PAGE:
ARLINGTON, VA – American Trucking Associations (ATA) commended members of the House and Senate conference committee for their work in passing a safety-conscious highway bill that lays a solid foundation for addressing America's need for an efficient goods movement network.
"This legislation, while not all we could have hoped for as an industry and as users of the highway system, makes tremendous strides in the safety arena and puts down a marker for future improvements to our nation's freight infrastructure," ATA President and CEO Bill Graves said. "On behalf of ATA, I'd like to thank Chairmen Boxer and Mica, and all the conferees for putting partisanship aside and putting together a compromise bill that will benefit not just the trucking industry, but highway safety and the economy as a whole and urge all members of Congress to quickly pass this critical legislation."
Graves said of particular importance was the committee's inclusion of several initiatives advocated by ATA, including a requirement that commercial trucks use electronic logging devices to record drivers' compliance with hours of service limits, the creation of a clearinghouse to track drug and alcohol test results, a study of crashworthiness standards for large trucks, the establishment of standards for systems to provide employers with timely notifications of drivers' moving violations, and mandatory testing of new carriers entering the industry to verify their knowledge of safety requirements.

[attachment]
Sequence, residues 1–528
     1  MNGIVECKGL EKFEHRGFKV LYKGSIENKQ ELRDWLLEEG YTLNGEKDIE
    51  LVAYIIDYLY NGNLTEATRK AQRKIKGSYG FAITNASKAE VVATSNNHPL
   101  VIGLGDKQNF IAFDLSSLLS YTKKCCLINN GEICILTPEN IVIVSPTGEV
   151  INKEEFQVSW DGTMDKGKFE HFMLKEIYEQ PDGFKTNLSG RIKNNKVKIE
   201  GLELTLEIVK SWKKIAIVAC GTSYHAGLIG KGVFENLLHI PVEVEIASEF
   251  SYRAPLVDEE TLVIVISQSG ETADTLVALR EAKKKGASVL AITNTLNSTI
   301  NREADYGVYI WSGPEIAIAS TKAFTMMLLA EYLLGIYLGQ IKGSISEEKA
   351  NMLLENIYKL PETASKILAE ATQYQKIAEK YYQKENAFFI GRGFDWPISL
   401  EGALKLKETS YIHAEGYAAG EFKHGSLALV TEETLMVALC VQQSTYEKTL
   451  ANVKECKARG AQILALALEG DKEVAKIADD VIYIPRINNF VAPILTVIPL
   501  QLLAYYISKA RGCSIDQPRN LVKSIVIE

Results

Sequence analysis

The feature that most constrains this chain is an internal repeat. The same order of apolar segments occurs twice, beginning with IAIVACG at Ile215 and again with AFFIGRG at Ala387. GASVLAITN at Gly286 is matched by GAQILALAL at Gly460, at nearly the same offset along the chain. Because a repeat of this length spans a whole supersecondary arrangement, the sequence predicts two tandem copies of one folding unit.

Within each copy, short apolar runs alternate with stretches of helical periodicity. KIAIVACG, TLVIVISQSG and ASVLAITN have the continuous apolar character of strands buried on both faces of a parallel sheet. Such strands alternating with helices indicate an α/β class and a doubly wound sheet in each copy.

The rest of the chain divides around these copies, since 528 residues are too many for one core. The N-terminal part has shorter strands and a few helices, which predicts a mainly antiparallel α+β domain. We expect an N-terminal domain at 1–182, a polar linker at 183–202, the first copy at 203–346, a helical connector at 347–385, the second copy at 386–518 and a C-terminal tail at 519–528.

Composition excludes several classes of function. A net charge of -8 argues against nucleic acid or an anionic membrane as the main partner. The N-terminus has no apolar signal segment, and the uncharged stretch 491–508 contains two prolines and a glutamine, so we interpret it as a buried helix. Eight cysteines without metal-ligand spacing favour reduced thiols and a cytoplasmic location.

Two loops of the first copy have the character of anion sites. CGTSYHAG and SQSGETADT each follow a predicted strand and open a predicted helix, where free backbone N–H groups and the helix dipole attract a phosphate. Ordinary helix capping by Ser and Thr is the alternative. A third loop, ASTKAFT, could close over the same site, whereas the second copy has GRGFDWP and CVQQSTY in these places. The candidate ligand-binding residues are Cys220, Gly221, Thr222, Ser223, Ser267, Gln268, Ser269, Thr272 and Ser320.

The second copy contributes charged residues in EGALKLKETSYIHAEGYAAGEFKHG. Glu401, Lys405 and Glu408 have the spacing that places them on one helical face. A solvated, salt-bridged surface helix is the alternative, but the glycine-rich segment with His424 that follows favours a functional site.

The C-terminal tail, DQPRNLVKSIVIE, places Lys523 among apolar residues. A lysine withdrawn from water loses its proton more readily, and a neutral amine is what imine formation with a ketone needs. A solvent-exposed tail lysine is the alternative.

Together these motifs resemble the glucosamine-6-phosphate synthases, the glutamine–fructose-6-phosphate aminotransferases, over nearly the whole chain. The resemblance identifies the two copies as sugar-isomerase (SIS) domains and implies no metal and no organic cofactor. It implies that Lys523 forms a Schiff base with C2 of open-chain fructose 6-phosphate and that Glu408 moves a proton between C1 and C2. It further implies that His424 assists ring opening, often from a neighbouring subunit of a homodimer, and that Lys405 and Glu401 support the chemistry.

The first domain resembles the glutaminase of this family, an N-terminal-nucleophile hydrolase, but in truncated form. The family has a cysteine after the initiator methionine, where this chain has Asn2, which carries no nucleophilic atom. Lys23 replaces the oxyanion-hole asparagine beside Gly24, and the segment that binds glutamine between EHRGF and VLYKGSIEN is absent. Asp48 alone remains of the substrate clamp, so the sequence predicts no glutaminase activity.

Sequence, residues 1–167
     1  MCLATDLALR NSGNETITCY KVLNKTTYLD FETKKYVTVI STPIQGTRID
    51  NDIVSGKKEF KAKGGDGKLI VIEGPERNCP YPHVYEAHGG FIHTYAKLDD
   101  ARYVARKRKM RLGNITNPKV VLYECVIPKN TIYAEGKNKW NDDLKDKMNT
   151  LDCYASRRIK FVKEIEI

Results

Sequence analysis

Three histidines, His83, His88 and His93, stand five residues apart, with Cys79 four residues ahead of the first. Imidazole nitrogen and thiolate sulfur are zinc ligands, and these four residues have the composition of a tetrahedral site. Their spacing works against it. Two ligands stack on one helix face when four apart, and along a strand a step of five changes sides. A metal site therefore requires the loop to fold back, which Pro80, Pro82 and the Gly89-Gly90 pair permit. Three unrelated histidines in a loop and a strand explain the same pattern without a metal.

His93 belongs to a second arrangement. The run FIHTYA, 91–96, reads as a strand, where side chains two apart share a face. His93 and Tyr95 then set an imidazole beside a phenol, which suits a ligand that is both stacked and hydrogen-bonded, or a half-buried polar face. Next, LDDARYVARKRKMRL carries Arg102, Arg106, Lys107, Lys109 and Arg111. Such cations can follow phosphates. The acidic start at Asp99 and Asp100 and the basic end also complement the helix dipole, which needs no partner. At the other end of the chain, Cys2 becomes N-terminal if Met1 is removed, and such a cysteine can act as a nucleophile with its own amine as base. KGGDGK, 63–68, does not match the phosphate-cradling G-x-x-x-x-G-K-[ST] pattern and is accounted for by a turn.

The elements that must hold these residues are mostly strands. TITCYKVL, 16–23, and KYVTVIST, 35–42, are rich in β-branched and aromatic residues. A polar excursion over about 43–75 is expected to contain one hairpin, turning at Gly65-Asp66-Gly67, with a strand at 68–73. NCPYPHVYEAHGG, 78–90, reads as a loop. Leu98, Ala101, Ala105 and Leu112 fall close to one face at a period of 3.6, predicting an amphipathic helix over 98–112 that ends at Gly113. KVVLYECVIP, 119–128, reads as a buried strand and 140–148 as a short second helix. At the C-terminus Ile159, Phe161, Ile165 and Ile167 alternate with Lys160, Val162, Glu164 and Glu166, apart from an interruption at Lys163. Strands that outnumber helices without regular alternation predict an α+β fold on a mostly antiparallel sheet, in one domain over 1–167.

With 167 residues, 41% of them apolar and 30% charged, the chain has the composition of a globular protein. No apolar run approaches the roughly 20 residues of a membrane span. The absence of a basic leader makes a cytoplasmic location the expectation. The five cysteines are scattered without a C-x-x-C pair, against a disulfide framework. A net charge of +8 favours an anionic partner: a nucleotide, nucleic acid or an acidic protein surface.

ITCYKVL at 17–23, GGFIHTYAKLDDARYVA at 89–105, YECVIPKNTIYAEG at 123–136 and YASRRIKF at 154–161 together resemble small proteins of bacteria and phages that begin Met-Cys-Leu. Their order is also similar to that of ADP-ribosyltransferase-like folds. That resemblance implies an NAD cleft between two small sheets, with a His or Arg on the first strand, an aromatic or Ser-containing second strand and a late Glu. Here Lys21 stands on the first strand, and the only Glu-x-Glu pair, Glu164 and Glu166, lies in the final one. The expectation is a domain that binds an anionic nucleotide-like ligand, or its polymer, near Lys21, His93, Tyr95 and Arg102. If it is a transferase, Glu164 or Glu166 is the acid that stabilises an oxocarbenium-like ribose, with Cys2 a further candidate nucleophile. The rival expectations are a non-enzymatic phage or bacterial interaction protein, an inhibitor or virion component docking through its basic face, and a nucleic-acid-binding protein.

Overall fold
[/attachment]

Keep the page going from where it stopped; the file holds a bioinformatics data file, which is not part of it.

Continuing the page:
"In addition to the ELD requirement, the bill also requires DOT to conduct a field study of pending changes to the restart provisions in the hours-of-service regulations. ATA has pressed DOT to follow through on the recommendations of their own researchers to confirm their finding in a 'real-world' field study before implementing the pending changes. Logically, DOT should confirm the efficacy of the planned changes in the real world, before making the new provisions effective," Graves said.
According to the ATA, the bill also lays a foundation for much needed improvements in freight transportation, albeit without the increases in funding necessary to address our growing needs.
"ATA has long supported increasing user fees, specifically the diesel tax, to fund overdue repair and expansion of our highway system," said ATA Chairman Dan England, chairman of C.R. England Inc., Salt Lake City. "While this bill does not do that, it does make impressive reforms to the planning process which will reduce costs and speed construction projects, including making freight transportation a greater priority, along with providing certain enticements for states to fund freight projects. It is our sincere hope that as these reforms take effect, Congress quickly gets back to drafting legislation that provides the adequate funding we need to maintain and grow our infrastructure network and dedicates funds to the movement of freight."
Despite all these advances, one area where the bill falls significantly short is in area of truck productivity, according to ATA.
"While there is much to like about this bill, ATA is extremely disappointed that Congress has once again kicked the can down the road with respect to truck productivity," Graves said. "By giving into fear-based misinformation, this bill delays the deployment of some of our industry's safest, most fuel efficient trucks. We fully expect this latest study to confirm what numerous other studies have already told us: modest increases in truck size and weight limits have a net positive effect on highway safety and maintenance."